Ivory Pyxis with St. Menas
Egypt or Constantinople, 6th century
The pyxis has lost its cover and base as well as its lock and hinge. It is chipped in places along the rim, and the carving is smoothed with wear.
The pyxis is carved with scenes relating to the martyrdom of St. Menas. The series starts with a scene of judgment: the prefect is seated on a stool, flanked to the left by a guard and to the right by a scribe. The scribe holds a diptych and stands before a table with an inkpot upon it. At the far left of the scene is a large, apparently irrelevant basket. The execution of St. Menas follows on the right: Menas, clad in a loincloth, crouches with his hands tied behind him, while the executioner, in a short belted tunic and long trousers, raises his sword and seizes the saint by the hair. An angel flies in, extending his veiled hands to receive the soul of the saint. To the right is a low hill and a tree.
Then follows the familiar representation of St. Menas standing as orant between his two camels. He is dressed in a short tunic, high boots, and a long chlamys decorated with a tablion. He has a halo and stands under an arch supported by two spiral columns, representing his sanctuary. Pilgrims approach from the sides — two women from the left, two men from the right. This figure of St. Menas must ultimately reflect the image that adorned his tomb chamber at Abu Mena in Egypt, amplified here to include the architectural setting and the figures of pilgrims.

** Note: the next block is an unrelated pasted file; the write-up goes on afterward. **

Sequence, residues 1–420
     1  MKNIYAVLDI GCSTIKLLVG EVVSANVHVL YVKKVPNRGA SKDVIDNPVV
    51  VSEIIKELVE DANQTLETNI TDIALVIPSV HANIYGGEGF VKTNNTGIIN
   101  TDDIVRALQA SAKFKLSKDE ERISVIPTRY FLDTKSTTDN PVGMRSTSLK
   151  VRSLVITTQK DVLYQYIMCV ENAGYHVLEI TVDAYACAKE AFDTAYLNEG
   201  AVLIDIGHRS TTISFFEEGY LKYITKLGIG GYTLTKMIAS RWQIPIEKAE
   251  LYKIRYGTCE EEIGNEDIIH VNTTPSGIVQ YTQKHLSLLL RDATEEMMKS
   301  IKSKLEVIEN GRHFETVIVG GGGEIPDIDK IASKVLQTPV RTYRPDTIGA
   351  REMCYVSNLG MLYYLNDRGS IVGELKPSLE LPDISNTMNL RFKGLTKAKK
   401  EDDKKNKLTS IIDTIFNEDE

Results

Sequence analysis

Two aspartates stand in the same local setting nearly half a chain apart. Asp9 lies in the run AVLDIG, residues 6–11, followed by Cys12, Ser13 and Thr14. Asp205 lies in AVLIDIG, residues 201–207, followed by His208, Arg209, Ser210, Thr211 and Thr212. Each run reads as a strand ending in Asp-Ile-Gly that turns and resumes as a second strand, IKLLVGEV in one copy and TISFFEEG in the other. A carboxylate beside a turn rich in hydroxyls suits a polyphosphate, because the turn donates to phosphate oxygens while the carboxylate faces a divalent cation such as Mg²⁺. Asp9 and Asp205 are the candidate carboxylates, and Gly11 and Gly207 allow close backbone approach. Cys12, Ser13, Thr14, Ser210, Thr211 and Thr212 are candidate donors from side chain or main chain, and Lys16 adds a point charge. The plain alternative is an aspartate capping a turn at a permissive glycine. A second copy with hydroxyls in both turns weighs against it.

The subject matter of the pyxis has led scholars to assume it was carved in Egypt, an assumption strengthened by its stylistic affinities with the Wiesbaden Pyxis, which is adorned with Nilotic themes. Yet its style has still more in common with the ivories of the Maximianus Cathedra, whose Egyptian provenance is still disputed. The cult of St. Menas, furthermore, was not confined to Egypt, and there were several sanctuaries of St. Menas in the sixth century for which the pyxis could conceivably have been made. Recently, Beckwith and Kollwitz have suggested that the ivory was carved in Constantinople.
Its original purpose is unclear; it may have been used as an incense box or as a reliquary. It was bought from a dealer in Rome in the late nineteenth century, but there is no evidence for the assumption that it came from a sanctuary of St. Menas in that city.